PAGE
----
The dominating paradigm in science is important because it permeates every aspect of society. It is not a technical detail of interest only to universities and research labs. For example, the dominating paradigm of our time in Western society is the Newtonian, mechanistic model which emphasizes reductionism and separatism, the separation of mind and matter, and postulates the existence of an objective universe outside of us. This has been a very successful paradigm in that it has been the driving force in bringing about the tremendous advances in our material well-being over the last three centuries. It is no coincidence that Western society is materialistic, consumption-oriented, and spiritually barren. These are all direct consequences of the Newtonian paradigm. The great majority of our citizens take these values as obvious and natural, but in the larger picture of civilizations, they are not. They are quite subjective. Many other types of society are possible.
Ironically, many of the basic tenets of the mechanical Newtonian world have already being shown to be incorrect by modern quantum theory – in particular the version known as the “Copenhagen School” developed by Niels Bohr and his followers. But these newer concepts have not yet had societal consequences. Their importance has not yet been recognized by the mainstream. We are in the middle of that process of change right now. It will take many years to complete. The most important of the differences from Newtonianism is the evidence that we cannot separate the observer from the observed. We know now that all things are interconnected, but in ways that we do not yet understand.
At some time in the future, when the history of our time is rewritten (as it always is from the perspective of the new age), I would not be surprised to see Niels Bohr cast in the role of the scientist who, more than anyone else, instigated the new paradigm of the twenty first century – a paradigm of synthesis and holism that is still being formulated.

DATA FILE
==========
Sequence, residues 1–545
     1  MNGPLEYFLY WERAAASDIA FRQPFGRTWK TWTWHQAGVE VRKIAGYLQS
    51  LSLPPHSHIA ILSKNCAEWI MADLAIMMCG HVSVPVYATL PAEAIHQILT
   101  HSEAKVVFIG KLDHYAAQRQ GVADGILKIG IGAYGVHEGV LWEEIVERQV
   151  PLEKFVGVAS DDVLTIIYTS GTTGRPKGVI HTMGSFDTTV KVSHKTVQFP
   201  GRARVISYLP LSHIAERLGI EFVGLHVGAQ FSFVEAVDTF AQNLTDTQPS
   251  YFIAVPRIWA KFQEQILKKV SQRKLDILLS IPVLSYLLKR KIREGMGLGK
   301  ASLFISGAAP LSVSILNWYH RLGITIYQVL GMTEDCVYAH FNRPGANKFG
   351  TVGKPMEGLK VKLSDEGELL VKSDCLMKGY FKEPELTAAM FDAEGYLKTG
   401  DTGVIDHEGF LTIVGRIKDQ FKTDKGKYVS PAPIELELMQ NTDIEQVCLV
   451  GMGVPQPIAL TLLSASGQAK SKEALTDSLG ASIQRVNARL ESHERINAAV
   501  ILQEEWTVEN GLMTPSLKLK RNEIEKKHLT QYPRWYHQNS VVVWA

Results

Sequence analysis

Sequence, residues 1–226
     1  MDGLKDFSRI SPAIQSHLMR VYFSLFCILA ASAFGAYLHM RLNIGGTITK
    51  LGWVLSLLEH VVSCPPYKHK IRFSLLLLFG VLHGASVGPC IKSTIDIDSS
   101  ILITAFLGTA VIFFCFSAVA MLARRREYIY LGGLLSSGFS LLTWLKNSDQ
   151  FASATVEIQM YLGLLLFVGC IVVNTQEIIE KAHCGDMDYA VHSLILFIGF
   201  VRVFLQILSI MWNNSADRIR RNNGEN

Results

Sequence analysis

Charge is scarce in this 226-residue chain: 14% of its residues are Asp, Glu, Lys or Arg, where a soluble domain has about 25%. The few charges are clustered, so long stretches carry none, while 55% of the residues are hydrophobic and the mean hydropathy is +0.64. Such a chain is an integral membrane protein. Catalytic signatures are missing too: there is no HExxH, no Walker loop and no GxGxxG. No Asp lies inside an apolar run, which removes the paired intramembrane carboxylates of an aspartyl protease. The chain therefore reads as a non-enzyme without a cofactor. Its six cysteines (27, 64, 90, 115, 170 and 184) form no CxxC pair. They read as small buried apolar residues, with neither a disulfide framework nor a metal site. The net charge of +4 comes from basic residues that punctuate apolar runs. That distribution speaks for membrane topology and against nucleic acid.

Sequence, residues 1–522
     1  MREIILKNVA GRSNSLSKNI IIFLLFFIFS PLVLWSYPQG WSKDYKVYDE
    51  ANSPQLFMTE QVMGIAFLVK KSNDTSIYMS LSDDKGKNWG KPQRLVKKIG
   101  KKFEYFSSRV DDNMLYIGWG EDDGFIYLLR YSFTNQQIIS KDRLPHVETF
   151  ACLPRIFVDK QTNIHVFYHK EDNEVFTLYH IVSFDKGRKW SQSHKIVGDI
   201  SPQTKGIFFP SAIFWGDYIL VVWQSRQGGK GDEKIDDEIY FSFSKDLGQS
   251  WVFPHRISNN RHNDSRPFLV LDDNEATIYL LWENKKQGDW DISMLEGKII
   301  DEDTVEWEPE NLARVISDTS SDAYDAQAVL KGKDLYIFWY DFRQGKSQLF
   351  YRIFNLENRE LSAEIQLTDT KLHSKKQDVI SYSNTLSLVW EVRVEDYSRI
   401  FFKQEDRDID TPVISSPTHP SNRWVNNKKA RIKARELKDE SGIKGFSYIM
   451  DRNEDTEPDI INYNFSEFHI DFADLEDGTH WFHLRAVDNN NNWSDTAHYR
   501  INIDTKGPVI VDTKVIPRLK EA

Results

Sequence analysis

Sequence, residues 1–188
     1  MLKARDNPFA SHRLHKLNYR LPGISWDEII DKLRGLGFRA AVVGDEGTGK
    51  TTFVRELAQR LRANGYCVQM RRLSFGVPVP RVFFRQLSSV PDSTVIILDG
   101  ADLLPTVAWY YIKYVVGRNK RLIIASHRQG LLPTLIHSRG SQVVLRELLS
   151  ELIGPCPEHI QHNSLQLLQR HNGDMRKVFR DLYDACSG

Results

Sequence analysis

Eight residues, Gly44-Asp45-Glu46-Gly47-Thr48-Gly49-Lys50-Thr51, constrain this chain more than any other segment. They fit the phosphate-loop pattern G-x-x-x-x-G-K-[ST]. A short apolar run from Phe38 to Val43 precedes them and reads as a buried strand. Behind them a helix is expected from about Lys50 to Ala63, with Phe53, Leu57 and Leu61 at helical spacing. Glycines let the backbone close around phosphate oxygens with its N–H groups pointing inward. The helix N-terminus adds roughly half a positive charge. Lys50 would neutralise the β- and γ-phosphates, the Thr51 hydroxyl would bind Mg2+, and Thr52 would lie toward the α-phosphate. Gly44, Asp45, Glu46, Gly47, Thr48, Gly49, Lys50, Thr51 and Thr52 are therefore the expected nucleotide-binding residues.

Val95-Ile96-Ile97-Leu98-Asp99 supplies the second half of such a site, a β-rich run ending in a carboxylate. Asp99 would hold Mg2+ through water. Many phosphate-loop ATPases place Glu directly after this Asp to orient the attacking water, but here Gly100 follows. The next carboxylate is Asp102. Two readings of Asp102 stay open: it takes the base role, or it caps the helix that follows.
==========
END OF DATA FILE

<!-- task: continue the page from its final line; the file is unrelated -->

And this brings me back to 1972 and why I felt that Kuhn’s book with its new concept – the paradigm shift – was so important. It now became clear to me that what we were observing in the environmental crisis, in the population explosion, in the contrast between the absurdly rich of the West and the Third World elites on the one hand, and the poverty stricken homeless of the West and the starving poor of the Third World on the other – was a direct consequence of the very effective mechanical paradigm running its course. One could say that the seeds of its destruction were built into its very success.
In essence I saw the current crisis as a problem of scale more than anything else. The strategy of exploiting natural resources for the benefit of Mankind using reductionist science was quite appropriate when the population was relatively small and the environmental impact was limited, but became disastrous when continued on a fully populated planet with an advanced technology. It would have been absurd to introduce environmental protection in the early days of the industrial revolution. However today, the population is enormous. There are no new frontiers to move into like in the good old days. We have discovered that we live on a finite planet.